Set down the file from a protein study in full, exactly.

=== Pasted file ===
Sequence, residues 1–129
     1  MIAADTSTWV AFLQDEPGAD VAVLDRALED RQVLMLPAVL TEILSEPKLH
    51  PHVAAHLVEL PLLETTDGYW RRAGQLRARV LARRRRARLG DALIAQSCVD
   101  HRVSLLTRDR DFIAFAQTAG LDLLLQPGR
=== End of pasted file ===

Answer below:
Sequence, residues 1–129
     1  MIAADTSTWV AFLQDEPGAD VAVLDRALED RQVLMLPAVL TEILSEPKLH
    51  PHVAAHLVEL PLLETTDGYW RRAGQLRARV LARRRRARLG DALIAQSCVD
   101  HRVSLLTRDR DFIAFAQTAG LDLLLQPGR